What You Need to Know About Probate and How to Avoid it
Probate refers to the legal process, or processes, that occur after the death of an individual. The term probate covers a variety of legal topics that can arise after death. These include contesting a person’s will, identifying assets of the deceased, paying the debts of the deceased, distributing assets when the deceased left no will, and more. Depending on the issues, the probate process can take as little as a few months or as much as several years. Probate is not a necessary process after someone dies; instead, it can be avoided all together.
Before understanding the process of avoiding probate, it is important to have a general concept of what probate is. If an individual leaves a will, the will often names an executor to the will to oversee the distribution of assets, deal with financial responsibilities, and generally oversee the estate. If there is no will in place, the probate court will distribute the deceased’s assets according to state law. Additionally, if there is no executor of the estate named in the will, the court will appoint someone to administer the estate.
Having a will does not mean that you can avoid probate. There are many ways that probate can be avoided in the state of California.
- Revocable Living Trust: A revocable living trust holds all of your assets. A living trust is not subject to probate after death. The assets of the trust are not considered part of the estate that is subject to probate. You can operate as the trustee of the trust and appoint someone to take over after your death. All of your assets and property can be included in the trust, leaving no assets or property to go through the probate process.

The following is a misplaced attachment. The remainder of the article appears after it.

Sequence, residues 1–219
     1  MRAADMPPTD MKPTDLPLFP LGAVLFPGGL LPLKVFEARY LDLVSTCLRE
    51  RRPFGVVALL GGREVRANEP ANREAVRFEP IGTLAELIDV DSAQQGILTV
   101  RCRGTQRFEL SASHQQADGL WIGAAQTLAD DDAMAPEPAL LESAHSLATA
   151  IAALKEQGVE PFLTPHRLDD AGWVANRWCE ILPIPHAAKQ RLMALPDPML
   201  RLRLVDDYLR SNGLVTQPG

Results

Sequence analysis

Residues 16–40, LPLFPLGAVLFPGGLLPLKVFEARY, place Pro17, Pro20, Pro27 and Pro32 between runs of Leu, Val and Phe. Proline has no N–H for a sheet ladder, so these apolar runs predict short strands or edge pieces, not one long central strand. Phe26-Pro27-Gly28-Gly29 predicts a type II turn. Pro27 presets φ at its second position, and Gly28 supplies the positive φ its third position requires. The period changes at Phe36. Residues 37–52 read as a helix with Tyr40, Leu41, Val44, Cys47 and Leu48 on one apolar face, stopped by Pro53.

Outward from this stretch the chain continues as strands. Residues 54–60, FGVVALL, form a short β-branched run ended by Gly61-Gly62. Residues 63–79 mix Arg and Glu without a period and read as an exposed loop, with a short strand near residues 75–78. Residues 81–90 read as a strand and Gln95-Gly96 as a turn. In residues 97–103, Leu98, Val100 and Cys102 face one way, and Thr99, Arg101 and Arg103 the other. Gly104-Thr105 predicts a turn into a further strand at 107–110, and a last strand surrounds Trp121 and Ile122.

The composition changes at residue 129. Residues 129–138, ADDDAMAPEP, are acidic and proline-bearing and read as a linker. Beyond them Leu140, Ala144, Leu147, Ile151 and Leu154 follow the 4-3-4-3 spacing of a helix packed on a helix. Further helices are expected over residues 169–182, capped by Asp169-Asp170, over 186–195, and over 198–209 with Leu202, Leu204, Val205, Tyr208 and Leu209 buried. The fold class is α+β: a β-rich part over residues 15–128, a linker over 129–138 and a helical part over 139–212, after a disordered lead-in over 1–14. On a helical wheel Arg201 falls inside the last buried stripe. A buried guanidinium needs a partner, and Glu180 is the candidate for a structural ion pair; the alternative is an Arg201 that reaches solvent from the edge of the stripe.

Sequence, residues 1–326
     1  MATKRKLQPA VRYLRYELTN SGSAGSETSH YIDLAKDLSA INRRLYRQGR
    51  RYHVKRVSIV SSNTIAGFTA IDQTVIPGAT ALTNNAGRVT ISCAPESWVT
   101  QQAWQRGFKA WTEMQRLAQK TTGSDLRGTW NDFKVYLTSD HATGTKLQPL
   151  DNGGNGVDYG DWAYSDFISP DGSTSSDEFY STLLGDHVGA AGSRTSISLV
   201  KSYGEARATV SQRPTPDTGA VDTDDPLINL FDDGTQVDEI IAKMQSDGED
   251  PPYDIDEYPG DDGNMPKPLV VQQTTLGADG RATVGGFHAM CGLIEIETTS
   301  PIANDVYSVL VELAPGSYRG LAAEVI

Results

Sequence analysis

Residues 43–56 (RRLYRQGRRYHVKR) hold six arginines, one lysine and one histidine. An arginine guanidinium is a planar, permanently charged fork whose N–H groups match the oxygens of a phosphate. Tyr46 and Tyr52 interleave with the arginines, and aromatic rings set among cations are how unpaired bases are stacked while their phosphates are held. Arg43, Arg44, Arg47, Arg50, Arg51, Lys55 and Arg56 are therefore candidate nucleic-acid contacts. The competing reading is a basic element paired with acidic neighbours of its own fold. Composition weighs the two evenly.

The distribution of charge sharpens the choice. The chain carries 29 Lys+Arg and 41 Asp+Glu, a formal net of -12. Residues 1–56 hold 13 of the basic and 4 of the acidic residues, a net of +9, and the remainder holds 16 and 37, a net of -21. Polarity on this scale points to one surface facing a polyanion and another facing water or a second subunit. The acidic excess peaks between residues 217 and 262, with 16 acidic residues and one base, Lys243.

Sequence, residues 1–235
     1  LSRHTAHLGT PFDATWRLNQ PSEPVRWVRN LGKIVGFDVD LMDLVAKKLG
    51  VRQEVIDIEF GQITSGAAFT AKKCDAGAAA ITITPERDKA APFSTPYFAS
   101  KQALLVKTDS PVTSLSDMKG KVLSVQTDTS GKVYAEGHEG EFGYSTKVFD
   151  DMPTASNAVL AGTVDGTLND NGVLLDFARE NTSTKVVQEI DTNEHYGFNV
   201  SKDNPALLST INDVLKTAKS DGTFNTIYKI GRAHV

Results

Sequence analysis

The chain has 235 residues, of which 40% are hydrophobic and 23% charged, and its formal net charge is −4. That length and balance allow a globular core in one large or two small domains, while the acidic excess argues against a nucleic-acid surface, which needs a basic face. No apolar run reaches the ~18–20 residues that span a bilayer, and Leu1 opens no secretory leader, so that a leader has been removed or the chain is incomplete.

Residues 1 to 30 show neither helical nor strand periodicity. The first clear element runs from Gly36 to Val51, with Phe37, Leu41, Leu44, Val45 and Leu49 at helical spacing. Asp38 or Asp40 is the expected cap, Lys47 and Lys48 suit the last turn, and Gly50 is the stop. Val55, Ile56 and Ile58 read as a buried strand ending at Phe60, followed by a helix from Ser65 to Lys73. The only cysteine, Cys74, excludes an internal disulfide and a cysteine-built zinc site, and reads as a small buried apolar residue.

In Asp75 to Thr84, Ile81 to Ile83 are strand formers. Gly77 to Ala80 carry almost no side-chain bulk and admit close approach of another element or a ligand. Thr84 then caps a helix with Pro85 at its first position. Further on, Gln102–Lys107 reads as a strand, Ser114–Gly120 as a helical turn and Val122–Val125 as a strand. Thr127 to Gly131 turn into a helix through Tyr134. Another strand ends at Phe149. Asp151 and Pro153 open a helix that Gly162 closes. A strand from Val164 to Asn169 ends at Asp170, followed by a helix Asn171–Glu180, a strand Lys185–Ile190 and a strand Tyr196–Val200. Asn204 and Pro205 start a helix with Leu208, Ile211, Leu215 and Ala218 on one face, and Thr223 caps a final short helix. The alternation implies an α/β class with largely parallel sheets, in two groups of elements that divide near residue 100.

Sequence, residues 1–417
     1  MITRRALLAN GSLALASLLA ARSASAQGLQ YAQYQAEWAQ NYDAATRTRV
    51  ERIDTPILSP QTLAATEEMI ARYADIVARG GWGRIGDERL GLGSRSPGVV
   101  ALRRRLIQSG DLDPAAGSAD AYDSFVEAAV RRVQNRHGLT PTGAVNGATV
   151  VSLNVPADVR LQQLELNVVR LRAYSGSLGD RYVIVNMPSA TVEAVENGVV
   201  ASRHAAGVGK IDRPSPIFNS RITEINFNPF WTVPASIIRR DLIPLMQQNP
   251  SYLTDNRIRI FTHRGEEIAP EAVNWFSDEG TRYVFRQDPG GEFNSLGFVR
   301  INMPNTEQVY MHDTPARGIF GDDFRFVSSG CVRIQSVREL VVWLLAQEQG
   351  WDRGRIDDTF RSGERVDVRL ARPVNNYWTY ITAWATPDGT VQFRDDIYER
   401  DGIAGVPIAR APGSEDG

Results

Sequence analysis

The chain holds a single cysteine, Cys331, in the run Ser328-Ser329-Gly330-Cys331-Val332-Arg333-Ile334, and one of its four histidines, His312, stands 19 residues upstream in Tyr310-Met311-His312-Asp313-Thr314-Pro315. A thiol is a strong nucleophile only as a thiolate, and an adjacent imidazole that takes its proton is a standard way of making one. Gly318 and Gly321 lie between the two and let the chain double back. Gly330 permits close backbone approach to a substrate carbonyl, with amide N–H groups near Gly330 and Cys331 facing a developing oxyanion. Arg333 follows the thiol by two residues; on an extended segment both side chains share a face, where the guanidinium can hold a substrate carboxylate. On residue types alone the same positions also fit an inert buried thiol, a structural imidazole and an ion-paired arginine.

- Property Value: If the value of the property is less than $150,000, it is not necessary to go through probate. Instead, all that is required is a title transfer. If the deceased has a surviving spouse, they are usually the recipient of the property
- Transfer on Death Deed: A revocable transfer on death deed is a tool used to name another to inherit property after your death. These types of transfers do not have to go through probate.
- Transferring Accounts: For many types of accounts, a Transfer-on-Death or Payable-on-Death beneficiary can be named. The beneficiary takes ownership of the accounts after the death of the owner. These forms can override a beneficiary that is named in the will.
If you have questions about estate planning, or are looking for an attorney to make sure your estate plan is property set up, contact the estate planning attorney at the Law Office of Kris Mukherji. No one wants to leave their loved ones with the task of sorting through assets and figuring out what to do. We can help you establish an estate plan that takes away that responsibility from your loved ones and leaves a direct plan of what should be done. Contact us today for a consultation.